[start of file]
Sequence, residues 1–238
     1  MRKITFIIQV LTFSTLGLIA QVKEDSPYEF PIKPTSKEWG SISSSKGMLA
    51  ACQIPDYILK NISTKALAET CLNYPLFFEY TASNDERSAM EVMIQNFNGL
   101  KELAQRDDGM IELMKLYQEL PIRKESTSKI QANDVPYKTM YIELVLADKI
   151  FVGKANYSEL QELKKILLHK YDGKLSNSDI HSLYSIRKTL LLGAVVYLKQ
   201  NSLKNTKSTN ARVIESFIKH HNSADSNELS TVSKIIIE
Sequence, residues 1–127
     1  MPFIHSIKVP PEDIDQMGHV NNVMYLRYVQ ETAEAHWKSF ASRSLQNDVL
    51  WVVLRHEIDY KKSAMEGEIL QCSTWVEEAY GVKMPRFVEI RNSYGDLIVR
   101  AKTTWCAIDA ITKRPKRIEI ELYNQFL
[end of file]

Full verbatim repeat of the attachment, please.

Sequence, residues 1–238
     1  MRKITFIIQV LTFSTLGLIA QVKEDSPYEF PIKPTSKEWG SISSSKGMLA
    51  ACQIPDYILK NISTKALAET CLNYPLFFEY TASNDERSAM EVMIQNFNGL
   101  KELAQRDDGM IELMKLYQEL PIRKESTSKI QANDVPYKTM YIELVLADKI
   151  FVGKANYSEL QELKKILLHK YDGKLSNSDI HSLYSIRKTL LLGAVVYLKQ
   201  NSLKNTKSTN ARVIESFIKH HNSADSNELS TVSKIIIE
Sequence, residues 1–127
     1  MPFIHSIKVP PEDIDQMGHV NNVMYLRYVQ ETAEAHWKSF ASRSLQNDVL
    51  WVVLRHEIDY KKSAMEGEIL QCSTWVEEAY GVKMPRFVEI RNSYGDLIVR
   101  AKTTWCAIDA ITKRPKRIEI ELYNQFL